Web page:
The story about leading Vote Leave figures meeting for an important Brexit strategy session at a south London Wetherspoon's would have brought a wry smile to the faces of many in the trade.

Not just because The Moon Under Water, in Balham, is not the most salubrious of pubs in that particular neighbourhood; but because of the name.

Many will know that it is taken from George Orwell's famous 1946 essay about his ideal pub. The joke being that The Moon Under Water is a mirage: try to touch it and it won't be there.

Whether a successful Brexit is also an illusion is for others to commentate on and debate. However, it does raise the question as to what constitutes the perfect pub.

Even though it was published in the Evening Standard a whole 71 years and a month ago, much of what Orwell wants in a pub (at least a London one) remains true.

He speaks of 'atmosphere' being the 'thing that appeals to me'. To this day that is what usually comes out on top when people are surveyed about what they want from a pub.

Fires and Victorian architecture with no 'glass topped tables' tell us how Orwell wanted his pub to look – with the 'solid comfortable ugliness of the nineteenth century'. Again, many pub regulars prefer comfort and tradition to new-fangled design trends.

 

 

Orwell wants games such as darts but in his pub he puts an emphasis on conversation, so radios and pianos are a definite no-no. I doubt we would find him settling in with the masses to watch live sport on a big screen; that's one thing his Moon Under Water has in common with its Balham namesake.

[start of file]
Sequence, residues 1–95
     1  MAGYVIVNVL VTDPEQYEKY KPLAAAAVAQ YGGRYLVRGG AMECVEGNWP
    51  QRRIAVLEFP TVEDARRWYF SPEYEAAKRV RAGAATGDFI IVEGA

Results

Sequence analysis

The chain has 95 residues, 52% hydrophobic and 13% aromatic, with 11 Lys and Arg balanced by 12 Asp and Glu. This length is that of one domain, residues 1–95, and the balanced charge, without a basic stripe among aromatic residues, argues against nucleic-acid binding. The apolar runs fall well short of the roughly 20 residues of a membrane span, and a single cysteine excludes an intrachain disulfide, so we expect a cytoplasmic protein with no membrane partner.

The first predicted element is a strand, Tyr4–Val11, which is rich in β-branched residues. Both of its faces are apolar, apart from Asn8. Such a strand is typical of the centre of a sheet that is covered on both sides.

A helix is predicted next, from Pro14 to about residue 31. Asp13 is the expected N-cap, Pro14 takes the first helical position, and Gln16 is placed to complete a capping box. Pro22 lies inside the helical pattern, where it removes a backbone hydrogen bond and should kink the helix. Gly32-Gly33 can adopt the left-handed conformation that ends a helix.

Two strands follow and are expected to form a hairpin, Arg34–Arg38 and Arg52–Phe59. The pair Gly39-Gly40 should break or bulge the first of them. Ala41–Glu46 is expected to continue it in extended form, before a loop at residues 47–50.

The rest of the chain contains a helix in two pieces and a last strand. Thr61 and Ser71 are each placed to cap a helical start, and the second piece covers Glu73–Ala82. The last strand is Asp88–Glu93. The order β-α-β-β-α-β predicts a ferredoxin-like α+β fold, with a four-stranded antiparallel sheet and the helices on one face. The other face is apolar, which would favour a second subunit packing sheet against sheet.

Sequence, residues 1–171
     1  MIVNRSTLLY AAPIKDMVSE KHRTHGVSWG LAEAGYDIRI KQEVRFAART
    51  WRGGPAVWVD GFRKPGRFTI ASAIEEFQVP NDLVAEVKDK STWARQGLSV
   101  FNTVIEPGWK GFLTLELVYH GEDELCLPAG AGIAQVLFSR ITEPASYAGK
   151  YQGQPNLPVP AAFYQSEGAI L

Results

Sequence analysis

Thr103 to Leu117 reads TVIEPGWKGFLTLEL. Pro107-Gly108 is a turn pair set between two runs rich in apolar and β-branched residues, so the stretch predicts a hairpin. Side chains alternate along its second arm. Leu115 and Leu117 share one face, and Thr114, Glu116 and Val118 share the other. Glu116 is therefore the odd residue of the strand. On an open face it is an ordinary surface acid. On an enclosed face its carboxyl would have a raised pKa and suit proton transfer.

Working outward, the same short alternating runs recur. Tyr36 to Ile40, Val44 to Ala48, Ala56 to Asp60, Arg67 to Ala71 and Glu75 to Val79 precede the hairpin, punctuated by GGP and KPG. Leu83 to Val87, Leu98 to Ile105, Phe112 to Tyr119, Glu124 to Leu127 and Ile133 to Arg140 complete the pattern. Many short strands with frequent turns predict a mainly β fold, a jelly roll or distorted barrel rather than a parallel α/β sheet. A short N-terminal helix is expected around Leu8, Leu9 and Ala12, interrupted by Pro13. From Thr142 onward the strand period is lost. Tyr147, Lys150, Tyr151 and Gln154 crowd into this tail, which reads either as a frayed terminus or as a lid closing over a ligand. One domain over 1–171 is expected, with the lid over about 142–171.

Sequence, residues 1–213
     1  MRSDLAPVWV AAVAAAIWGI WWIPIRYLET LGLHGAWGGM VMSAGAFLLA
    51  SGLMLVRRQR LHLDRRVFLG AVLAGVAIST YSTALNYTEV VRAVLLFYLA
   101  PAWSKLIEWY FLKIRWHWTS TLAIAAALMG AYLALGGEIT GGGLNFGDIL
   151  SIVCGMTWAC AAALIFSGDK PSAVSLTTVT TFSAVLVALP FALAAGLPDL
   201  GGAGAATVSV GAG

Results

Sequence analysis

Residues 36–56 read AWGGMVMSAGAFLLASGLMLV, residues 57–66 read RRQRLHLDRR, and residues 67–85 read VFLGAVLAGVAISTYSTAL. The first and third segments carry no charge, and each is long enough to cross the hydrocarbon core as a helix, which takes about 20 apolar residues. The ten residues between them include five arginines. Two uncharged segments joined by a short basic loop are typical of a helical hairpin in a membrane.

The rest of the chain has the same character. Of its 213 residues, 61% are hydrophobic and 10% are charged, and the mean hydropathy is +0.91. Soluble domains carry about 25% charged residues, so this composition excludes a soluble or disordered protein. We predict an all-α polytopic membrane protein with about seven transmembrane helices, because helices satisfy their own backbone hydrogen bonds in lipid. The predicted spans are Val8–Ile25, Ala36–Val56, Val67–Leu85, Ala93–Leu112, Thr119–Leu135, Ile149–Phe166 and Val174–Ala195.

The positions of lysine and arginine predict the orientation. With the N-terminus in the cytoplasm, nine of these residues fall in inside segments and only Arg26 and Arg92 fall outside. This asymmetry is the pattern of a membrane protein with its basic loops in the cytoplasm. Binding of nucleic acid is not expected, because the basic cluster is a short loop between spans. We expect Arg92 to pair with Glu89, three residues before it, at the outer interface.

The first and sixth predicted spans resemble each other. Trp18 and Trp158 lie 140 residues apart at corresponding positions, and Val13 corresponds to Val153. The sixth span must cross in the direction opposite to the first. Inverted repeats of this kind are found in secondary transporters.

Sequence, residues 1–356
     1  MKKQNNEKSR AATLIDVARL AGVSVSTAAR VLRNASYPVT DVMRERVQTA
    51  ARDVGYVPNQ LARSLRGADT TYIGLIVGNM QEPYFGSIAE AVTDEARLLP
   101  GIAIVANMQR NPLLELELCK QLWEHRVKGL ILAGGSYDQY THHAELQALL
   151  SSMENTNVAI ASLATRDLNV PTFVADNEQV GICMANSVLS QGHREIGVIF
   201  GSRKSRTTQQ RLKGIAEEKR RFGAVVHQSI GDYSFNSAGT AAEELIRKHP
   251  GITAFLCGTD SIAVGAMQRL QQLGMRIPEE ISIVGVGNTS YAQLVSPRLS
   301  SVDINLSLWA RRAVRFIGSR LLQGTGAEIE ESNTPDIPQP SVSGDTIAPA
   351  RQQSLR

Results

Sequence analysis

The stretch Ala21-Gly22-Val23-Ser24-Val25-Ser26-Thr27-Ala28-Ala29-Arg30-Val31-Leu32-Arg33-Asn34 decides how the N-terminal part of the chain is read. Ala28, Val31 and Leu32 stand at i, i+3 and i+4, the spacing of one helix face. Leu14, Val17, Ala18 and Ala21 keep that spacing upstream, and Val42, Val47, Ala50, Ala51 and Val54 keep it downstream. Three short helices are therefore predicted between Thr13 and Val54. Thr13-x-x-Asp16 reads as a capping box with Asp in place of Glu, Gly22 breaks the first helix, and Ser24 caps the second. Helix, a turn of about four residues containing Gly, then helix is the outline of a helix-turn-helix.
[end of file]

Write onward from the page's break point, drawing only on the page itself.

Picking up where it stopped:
Beer ranks highly with the author, as indeed does glassware – 'they are particular about their drinking vessels at the Moon Under Water.' So are today's customers, but perhaps not quite so particular as brand owners.

He also puts an emphasis on food. At this pub you can get a 'good, solid lunch' six days a week. There he goes, just like in 1984, predicting the future. This time he is essentially seeing the importance food holds for pubs.

 

 

Even more incredibly, he also hints at the diversification of pubs. He wants them to sell aspirins and stamps, which is now happening across the country. Many, thanks to schemes such as Pub is the Hub, are going further by operating Post Offices as part of the business.

Customer service is important to Orwell too, with the barmaids at the pub knowing the names of the regulars and taking 'a personal interest in everyone'. For many pub customers that personal touch is what separates the best pubs from the rest.

While the pub industry has faced unprecedented challenges and evolved considerably in the last decade it is comforting to see that what made a great pub in Orwell's day remains largely true in the 21st Century.

And if your pub can do half of the things that make The Moon Under Water so desirable then your pub will be more than a mirage: it will be a place where people across the generations will want to socialise.

As for Brexit, well that's another story.